‘The politics of racial division’: Trump borrows Nixon’s ‘southern strategy’ | Donald Trump

Donald Trump has warned that if Joe Biden replaces him as president the suburbs will be flooded with low-income housing. He has backed supporters who have sometimes violently clashed with Black Lives Matter protesters across the country. The US president has even refrained from directly condemning the actions of a teenager charged with killing two protesters in Kenosha, Wisconsin.

And Trump has also called the BLM movement a “symbol of hate”.

With such rhetoric, the president is taking a page or two out of the 1960s “southern strategy”: the playbook Republican politicians such as Richard Nixon and Barry Goldwater used to rally political support among white voters across the south by leveraging racism and white fear of people of color.

But Trump’s own version of the southern strategy is an updated one for 2020. It’s not a carbon copy, and the president has mixed this angle with other pitches to voters. Yet as tensions over police and protests have increased across America, Trump has increasingly made these arguments the centerpiece of his campaign in the closing months of the election.

“He’s throwing gasoline on a fire. He knows what he’s doing. He’s making a political calculus that by stoking the worst parts of the American psyche that he can somehow gain political leverage from that,” said Isaac Wright, a Democratic strategist who specializes in rural campaigns and southern voters.

Wright pointed to when neo-Nazis marched through Charlottesville and the president defensively said there were “very fine people” both among the marchers and the counter-marchers.

“I think this is what he did in 2016 – he’s just becoming more blatant and open of who he is and what he’s doing,” Wright said.

The southern strategy was the plan used effectively by Nixon to increase voting among white voters in the south. Nixon’s campaign put a heavy emphasis on law and order and states’ rights to attract white voters concerned about racial integration. Critics argued the language used in this strategy was a thinly veiled appeal to racists and an ugly response to the successes of the civil rights movement.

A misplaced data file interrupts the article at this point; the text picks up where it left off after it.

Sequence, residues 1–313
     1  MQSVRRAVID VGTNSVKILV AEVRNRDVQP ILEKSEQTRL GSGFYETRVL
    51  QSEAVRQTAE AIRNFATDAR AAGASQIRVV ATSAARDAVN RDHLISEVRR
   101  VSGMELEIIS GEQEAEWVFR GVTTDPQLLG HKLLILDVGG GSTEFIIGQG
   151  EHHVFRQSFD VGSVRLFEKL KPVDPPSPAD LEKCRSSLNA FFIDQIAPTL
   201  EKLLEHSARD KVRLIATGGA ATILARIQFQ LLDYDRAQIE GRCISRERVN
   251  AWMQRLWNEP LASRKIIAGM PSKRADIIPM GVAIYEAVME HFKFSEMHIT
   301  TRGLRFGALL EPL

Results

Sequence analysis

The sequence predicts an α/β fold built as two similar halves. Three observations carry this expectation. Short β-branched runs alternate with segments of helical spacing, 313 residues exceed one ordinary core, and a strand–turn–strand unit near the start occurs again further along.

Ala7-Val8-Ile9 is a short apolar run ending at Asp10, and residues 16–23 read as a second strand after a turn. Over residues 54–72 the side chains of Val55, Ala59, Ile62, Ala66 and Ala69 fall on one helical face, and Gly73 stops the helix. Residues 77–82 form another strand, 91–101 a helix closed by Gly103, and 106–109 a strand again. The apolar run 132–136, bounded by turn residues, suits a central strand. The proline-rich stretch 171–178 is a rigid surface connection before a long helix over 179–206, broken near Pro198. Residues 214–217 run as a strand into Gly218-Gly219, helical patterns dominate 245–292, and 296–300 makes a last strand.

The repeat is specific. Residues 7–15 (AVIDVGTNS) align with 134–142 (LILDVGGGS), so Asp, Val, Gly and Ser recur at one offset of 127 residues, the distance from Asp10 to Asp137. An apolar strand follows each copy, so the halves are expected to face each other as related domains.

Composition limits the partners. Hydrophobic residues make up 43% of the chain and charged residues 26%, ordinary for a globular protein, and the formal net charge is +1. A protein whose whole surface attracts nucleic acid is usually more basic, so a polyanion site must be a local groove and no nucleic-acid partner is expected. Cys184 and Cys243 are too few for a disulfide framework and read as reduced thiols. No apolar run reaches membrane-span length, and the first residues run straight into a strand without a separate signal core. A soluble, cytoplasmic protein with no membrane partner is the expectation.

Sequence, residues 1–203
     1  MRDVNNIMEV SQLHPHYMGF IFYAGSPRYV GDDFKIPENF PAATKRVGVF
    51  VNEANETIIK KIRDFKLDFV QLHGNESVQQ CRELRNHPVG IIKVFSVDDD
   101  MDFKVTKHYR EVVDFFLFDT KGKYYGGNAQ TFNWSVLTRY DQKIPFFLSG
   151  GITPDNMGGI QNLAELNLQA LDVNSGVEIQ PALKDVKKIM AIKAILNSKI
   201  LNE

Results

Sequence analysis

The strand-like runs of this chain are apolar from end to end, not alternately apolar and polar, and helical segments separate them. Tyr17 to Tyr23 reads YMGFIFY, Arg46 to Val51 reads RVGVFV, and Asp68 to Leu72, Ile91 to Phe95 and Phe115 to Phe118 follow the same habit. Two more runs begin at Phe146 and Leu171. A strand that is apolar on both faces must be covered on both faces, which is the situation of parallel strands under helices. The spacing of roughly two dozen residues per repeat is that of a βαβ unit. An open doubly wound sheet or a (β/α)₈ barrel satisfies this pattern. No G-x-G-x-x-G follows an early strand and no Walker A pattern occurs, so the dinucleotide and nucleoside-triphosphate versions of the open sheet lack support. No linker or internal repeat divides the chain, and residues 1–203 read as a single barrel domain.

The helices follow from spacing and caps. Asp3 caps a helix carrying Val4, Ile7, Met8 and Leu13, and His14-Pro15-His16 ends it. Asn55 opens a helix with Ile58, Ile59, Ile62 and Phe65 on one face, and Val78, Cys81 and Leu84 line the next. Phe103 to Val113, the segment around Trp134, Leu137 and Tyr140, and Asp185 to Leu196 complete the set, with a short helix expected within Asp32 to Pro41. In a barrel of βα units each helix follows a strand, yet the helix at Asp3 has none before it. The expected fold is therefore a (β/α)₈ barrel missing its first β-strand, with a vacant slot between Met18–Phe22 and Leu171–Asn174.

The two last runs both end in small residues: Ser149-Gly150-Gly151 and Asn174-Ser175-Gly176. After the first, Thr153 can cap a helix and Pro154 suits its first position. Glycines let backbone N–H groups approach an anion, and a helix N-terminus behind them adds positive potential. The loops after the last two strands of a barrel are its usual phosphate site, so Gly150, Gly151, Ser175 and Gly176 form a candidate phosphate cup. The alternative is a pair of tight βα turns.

Nixon was fiercely criticized for this approach in 1968, but nonetheless won the election. He and the segregationist George Wallace, running as an independent, carried all the states in the south except Texas, while the Democrat vice-president Hubert Humphrey won just 13 states – most of them in the north-east.

“There’s a long history of these kinds of campaigns in the country,” the Biden campaign’s chief strategist, Mike Donilon, said during a press briefing with reporters on Friday. Donilon added: “They tried to reformulate it as a law-and-order campaign. That has been his focus now for several weeks. And there was a lot of speculation that when he did that, that would work to his benefit and drive the election there. That didn’t happen. The public is still primarily focused on the central issue in their life which is the virus.”

However, in some races, Trump’s version of this strategy has already been effective. The former Indiana Democratic senator Joe Donnelly, who lost re-election in 2018, described his own defeat as a “dry run for this. They tested this model.

“I think the president’s strategy was fear and division and to scare people to the polls, and it worked in my case, and I think that’s what they’re doing now,” Donnelly said. Trump, Donnelly said, “convinced people that if they didn’t come vote for him their way of life was going to disappear”.

Nixon attends a parade in Philadelphia in 1968.
Nixon attends a parade in Philadelphia in 1968. Photograph: Dirck Halstead/Getty Images